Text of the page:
Commitment to the DJJ can be long and severe. All the youths in these facilities must attend school. If the minor complete high school, they are offered vocational training or college programs. Additionally, the DJJ youths may be assigned to individual programs that meet their specific needs. Some of these special programs may include:

  • Behavioral treatment programs.

  • Mental health treatment sessions.

  • Sex behavior treatment.

  • Anger management programs. 

In the juvenile justice system, the court considers each child and the factors of their case when determining rehabilitation. The court is more likely to place your child in a correctional facility if they committed a serious crime and are a threat to others. 

When the juvenile court decides to send a ward of the court to DJJ, they often set a maximum term of confinement. The amount of time to be served by the minor must be less than that served by an adult who commits a similar offense. A child sentenced for a non-WIC 707(b) offense must be discharged at 21 or after completing two years.

If your child’s needs are not met at the DJF, you can file a motion to modify the commitment. The juvenile court can change the terms of Wardship if there is satisfactory proof that a juvenile is not benefiting from the program. If your child faces charges in juvenile court, it is crucial to seek competent legal representation for them. A skilled criminal defense attorney will work to ensure your child does not end up in Juvenile justice custody.

Confinement For Wards of the Court

If your child does not perform well on probation, the judge may recommend placement in a more confined location such as a juvenile camp, the juvenile hall or a juvenile home. Placement in these facilities is different from placement in probation, and the court orders confinement of juvenile delinquents with the sole aim of rehabilitation.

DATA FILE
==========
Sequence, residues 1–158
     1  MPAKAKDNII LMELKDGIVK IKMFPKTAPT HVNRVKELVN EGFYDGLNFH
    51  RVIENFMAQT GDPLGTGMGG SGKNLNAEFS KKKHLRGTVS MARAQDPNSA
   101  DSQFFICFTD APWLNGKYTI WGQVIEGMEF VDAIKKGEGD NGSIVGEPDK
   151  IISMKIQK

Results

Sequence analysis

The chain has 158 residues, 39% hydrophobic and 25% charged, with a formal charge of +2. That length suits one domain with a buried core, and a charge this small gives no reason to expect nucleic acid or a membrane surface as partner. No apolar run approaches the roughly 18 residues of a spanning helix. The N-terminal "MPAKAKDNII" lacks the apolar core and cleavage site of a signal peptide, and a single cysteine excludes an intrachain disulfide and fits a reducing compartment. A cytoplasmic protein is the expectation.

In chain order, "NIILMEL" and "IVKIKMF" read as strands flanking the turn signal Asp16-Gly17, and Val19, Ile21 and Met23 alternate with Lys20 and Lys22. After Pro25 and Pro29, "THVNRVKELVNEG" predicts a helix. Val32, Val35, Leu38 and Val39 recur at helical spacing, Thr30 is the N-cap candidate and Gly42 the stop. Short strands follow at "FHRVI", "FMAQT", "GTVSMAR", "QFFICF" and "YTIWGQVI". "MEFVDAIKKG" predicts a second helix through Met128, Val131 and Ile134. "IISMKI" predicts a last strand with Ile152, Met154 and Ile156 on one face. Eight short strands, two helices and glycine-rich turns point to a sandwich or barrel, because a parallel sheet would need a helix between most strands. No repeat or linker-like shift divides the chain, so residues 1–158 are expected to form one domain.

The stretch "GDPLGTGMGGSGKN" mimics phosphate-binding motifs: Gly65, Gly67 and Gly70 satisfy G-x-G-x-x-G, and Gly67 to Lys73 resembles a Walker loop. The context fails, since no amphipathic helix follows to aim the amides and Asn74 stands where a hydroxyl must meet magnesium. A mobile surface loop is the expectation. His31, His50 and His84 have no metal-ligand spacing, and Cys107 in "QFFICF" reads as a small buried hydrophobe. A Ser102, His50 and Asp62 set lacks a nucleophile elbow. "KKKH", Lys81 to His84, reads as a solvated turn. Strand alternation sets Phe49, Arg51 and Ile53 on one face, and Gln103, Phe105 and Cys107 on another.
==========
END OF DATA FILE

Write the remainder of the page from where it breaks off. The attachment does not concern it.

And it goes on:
If a child is found guilty of a serious offense such as murder, rape, manslaughter or other serious felonies, they could end up in confinement. However, if the minor has a severe mental illness or disorder, they could be placed in an alternative facility. Mostly, your child will be placed in a facility close to home. This will make the reunification process easier. The length of a child’s confinement depends significantly on the crime they committed. 

Juvenile confinement can be traumatizing and difficult for your child. Therefore, it is essential to have a knowledgeable criminal lawyer guiding them throughout the case. If the charges against a minor are reduced, they could avoid Wardship and juvenile confinement.

Payment of Fees, Fines, and Victim Restitution

The judge could impose hefty fines on your child, which could be similar to the fines imposed on adult criminals. Before setting the fine, the court considers whether or not the juvenile can pay the fine. Additionally, if your child was involved in a crime that caused injuries or losses to other people, the court may require them to compensate the victims for their losses. A ward may need to pay for: